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A piece that Rick Silva showed at Dorkbot here in NY is now online: Rough Mix
] features Silva outdoors with his DJ mixing board doing turntablist moves on rocks, leaves, snow, sand, water: "scratching nature" if you will, treating the landscape as a series of imaginary vinyl LPs to be mixed. In his talk Silva discussed the importance of the hand and touch to the DJ, and here it's as if he's lost nature and is desperately (joyfully?) reconnecting with it by clawing, patting, swiping, rubbing, and scattering it. These seem like the actions of a crazy man since he has no turntables, only an unplugged board resting on various surfaces in the middle of nowhere (a gorgeous mountain landscape), but the piece makes it funny rather than alarming.
Aside from the obsessive performance aspect of it, the work thrills through its use of high-def cinematography but especially through its state-of-the-art collage of electronic sounds. One of Rough Mix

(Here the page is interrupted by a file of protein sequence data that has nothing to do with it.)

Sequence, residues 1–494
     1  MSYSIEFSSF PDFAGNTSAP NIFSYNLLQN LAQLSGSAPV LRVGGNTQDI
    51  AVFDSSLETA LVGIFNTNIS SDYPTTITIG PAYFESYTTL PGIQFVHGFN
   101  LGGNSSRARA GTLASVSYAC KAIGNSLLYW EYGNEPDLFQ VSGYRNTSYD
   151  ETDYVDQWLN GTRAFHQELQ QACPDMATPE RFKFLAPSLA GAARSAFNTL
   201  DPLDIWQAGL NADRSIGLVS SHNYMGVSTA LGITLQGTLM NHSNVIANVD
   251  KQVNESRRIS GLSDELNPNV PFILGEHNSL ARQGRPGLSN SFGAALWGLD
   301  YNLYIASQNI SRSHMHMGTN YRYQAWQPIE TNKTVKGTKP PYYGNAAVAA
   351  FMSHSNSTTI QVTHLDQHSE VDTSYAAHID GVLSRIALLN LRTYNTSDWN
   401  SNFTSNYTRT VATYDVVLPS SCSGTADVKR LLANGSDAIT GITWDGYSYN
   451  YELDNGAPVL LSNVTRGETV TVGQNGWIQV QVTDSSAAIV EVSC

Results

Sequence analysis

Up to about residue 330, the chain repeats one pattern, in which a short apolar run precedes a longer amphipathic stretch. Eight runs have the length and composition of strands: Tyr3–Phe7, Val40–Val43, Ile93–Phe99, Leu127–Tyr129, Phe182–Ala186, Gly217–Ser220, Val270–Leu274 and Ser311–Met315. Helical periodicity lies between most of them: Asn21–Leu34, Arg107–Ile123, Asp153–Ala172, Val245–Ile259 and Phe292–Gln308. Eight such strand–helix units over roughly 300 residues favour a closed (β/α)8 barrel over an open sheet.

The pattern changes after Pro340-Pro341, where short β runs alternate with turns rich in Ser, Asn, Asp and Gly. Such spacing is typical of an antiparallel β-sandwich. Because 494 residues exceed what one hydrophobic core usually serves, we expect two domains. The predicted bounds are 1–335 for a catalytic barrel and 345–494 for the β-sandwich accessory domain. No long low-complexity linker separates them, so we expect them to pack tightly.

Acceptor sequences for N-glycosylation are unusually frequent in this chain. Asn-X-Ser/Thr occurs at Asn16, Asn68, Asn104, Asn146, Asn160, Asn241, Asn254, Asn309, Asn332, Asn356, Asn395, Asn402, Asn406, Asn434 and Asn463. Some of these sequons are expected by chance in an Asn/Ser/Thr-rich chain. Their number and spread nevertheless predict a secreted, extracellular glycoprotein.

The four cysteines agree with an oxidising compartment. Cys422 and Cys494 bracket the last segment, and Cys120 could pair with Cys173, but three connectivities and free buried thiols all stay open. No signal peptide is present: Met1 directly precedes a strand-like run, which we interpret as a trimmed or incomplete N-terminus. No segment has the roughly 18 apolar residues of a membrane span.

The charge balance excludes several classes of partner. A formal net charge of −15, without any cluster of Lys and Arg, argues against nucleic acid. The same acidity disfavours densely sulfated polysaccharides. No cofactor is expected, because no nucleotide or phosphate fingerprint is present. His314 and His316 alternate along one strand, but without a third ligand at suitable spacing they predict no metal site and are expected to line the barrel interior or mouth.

's paradoxes is that turntablism is an "analog art" and the piece is about connecting with nature yet the sounds and images are quite distinctively digitally realized, that is, artificial. The abstract "music concrete" recalls urban dance music but densely filtered and "glitched"--imagine skipping CDs reverberating in a dreamy aural haze with the occasional hip hop beat cutting in and out. The timing pulls it together: the piece is long but the quick editing of the music in sync with closeups of Silva's scratching hand, spinning geosat views of the land, and the "surprise factor" of never quite knowing where the mixing board will turn up in the ecstatically empty, Western terrain, keeps you engaged. The DJ is the focal point, a crossing point of the real and the digitally mapped.